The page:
I have found the majority of my spots by simply driving a road I have never been on before. It is incredible what is hidden along the countless mountain roads and in the many canyons of Idaho. This most recent spot I found yesterday is only 45 min away from Rexburg and is accessed from the same roads that take you to Cress Creek and Kelly Canyon! I had never taken the time to follow the fork in the road to see where it went until now.
On Highway 26, which takes you to Swan Valley and the Palisade reservoir, there is a short time during which you pass the river tucked away several hundred feet below you in a canyon. I had always wondered how to get down there and what lay in store for me when I finally did. Well, now I know! This narrow canyon opens up into a broad braided river valley with several tributaries and streams running into and along side it. Many peaks, ranging from 8000-9000 feet on average, rise above the valley floor. Large basaltic and conglomerate cliffs border the dirt road that snakes along the river. South Snake River Road runs northwest/southeast along the Snake River and is the same road that gives access to Cress Creek, Kelly Canyon, and Stinking Springs recreational areas. This road passes a wide range of potential day activities such as golf, fishing, zip lining, skiing/snowboarding, hiking, boating, swimming, hot springs, mountain biking, and much more. Continuing southeast, the road enters the Wolf Flats and Warm Springs recreation areas. There are at least 3 hikes, and 2 side roads that snake off into the hills that can be accessed from these recreational areas. A variety of animals roam this area. On one 4 hour drive/adventure I took today with friends, we saw moose tracks and a carcass, deer, foxes, eagles, geese, sandhill cranes, ducks, skunks, racoons, marmots, and more. The area is quiet and less traveled. A gem of natural beauty accented by quaint summer homes and ranches spread sparsely in the trees of the flood plain.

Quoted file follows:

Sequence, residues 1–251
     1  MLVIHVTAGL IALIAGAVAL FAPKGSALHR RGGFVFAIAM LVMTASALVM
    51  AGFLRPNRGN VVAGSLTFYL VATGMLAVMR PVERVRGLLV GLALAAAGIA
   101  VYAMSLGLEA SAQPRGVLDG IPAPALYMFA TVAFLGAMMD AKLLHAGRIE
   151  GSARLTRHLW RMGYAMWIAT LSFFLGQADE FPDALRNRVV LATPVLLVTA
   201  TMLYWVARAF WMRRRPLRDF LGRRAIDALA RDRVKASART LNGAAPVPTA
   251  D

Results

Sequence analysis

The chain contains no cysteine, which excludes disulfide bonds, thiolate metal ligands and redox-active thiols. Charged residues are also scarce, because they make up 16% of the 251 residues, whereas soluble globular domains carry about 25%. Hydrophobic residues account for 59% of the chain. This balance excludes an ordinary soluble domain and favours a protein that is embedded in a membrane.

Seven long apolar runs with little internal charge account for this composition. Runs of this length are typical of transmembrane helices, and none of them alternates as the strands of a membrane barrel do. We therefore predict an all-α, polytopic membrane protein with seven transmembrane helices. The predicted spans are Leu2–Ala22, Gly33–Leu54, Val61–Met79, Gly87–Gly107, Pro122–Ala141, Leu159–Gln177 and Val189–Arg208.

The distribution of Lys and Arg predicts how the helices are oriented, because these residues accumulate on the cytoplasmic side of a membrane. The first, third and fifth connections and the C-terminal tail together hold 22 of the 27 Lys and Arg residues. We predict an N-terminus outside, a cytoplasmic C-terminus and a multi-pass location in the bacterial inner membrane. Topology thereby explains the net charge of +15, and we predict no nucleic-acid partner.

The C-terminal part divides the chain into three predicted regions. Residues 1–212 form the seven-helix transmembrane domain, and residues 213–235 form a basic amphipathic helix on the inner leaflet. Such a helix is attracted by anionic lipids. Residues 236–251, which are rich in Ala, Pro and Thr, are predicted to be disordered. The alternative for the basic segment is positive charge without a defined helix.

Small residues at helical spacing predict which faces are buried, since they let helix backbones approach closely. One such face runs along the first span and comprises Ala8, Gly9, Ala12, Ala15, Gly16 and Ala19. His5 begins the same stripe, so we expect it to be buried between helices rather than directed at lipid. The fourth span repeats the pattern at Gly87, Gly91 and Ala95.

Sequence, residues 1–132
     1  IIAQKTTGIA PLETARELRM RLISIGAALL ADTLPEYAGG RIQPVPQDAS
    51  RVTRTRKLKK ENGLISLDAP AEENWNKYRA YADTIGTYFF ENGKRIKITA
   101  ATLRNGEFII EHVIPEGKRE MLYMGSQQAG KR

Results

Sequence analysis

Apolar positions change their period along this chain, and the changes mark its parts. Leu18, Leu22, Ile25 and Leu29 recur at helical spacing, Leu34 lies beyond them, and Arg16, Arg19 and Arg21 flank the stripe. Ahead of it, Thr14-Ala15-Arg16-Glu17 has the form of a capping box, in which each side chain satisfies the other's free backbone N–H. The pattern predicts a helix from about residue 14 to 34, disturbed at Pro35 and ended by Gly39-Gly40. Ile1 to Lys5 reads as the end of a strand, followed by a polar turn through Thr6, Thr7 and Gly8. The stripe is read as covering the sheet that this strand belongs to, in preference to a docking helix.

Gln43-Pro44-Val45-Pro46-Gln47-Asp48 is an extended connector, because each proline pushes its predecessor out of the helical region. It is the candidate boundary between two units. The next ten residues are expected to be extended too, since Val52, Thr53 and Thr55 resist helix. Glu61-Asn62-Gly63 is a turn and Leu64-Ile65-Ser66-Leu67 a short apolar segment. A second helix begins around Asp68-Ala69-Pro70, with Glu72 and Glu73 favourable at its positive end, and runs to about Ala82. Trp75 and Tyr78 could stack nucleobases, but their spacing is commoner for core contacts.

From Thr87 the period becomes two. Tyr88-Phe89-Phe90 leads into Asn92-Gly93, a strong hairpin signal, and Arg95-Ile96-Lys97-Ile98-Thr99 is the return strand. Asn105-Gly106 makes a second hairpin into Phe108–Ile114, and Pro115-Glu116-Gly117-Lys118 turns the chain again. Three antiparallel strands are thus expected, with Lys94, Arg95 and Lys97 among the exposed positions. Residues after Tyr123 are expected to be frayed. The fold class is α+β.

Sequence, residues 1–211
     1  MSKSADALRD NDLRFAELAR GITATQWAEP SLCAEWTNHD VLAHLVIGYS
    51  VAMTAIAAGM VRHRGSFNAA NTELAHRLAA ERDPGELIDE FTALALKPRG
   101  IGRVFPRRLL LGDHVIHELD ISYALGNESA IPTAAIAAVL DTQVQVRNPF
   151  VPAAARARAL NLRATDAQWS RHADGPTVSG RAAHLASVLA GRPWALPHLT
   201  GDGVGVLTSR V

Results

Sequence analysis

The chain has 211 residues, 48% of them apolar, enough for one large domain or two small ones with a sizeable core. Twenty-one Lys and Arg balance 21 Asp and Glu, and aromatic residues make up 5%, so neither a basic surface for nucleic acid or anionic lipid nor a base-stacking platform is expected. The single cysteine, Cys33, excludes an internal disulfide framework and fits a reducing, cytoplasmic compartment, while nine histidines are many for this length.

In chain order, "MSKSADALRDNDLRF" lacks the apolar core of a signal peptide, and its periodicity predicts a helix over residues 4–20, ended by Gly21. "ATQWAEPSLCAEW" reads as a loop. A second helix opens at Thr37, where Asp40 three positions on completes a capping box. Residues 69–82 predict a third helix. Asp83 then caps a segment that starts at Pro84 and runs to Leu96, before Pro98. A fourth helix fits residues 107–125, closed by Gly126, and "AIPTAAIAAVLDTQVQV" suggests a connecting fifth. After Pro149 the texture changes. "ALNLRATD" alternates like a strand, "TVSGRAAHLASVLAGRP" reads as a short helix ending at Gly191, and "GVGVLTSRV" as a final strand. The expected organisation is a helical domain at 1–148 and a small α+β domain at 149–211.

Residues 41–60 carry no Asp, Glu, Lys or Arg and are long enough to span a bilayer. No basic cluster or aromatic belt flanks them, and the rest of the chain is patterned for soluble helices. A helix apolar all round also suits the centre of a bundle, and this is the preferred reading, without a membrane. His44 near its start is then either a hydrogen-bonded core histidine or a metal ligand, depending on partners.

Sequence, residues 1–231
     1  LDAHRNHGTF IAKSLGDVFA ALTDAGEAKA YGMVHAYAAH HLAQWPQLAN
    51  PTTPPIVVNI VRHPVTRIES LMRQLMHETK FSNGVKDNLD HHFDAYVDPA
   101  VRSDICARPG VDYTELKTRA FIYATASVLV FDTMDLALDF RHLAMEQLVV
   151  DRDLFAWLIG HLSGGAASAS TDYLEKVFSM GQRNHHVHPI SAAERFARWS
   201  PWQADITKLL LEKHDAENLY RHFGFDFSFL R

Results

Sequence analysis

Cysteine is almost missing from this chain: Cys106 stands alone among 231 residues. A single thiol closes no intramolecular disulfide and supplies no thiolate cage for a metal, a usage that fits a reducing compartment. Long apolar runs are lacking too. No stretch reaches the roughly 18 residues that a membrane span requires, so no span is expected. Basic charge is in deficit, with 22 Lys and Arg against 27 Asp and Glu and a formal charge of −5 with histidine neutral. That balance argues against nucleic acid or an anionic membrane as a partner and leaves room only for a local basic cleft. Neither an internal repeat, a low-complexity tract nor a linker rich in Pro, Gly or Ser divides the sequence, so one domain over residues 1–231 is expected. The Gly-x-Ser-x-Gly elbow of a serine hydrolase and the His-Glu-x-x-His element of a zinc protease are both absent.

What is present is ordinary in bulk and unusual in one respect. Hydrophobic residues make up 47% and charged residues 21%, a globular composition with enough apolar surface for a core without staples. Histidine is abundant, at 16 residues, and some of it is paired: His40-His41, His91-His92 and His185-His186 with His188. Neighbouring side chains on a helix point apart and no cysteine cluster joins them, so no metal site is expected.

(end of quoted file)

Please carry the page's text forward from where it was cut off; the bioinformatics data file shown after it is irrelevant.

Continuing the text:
I am in awe at the fact that this spot has been hiding right under my nose. There are dozens of campgrounds at which a simple night dedicated to a group bonfire, or a week long camping trip are possible. Private properties line sections of the road and river, but because this area is dominantly BLM land, river and forest access are abundant. The road runs into Caribou Targhee National Forest land. I am beyond excited to continue exploring the area and hike the several trails available. The trails are unnamed but are easy to find as decent dirt roads head into each of the mountain valleys that connect to the main river valley. I highly recommend visiting this area! I look forward to sharing more photos as I continue to take trips out there. Today the light rain made for a more subdued adventure experience, with few people in the area. The overcast skies and fog added a mysterious touch to the daunting landscape. At one point we turned off the music and listened to the distant squawks of cranes, piercing cries of the eagles soaring overhead, and the calm tones of the geese as they floated the river, the sounds came together perfectly. Accented by the light rain hitting the forest floor and the steady flow of the many streams and river, I was in heaven.
Enjoy a few of the many pics from the area, they really don't do justice, but nonetheless, I am proud of what I could share with you!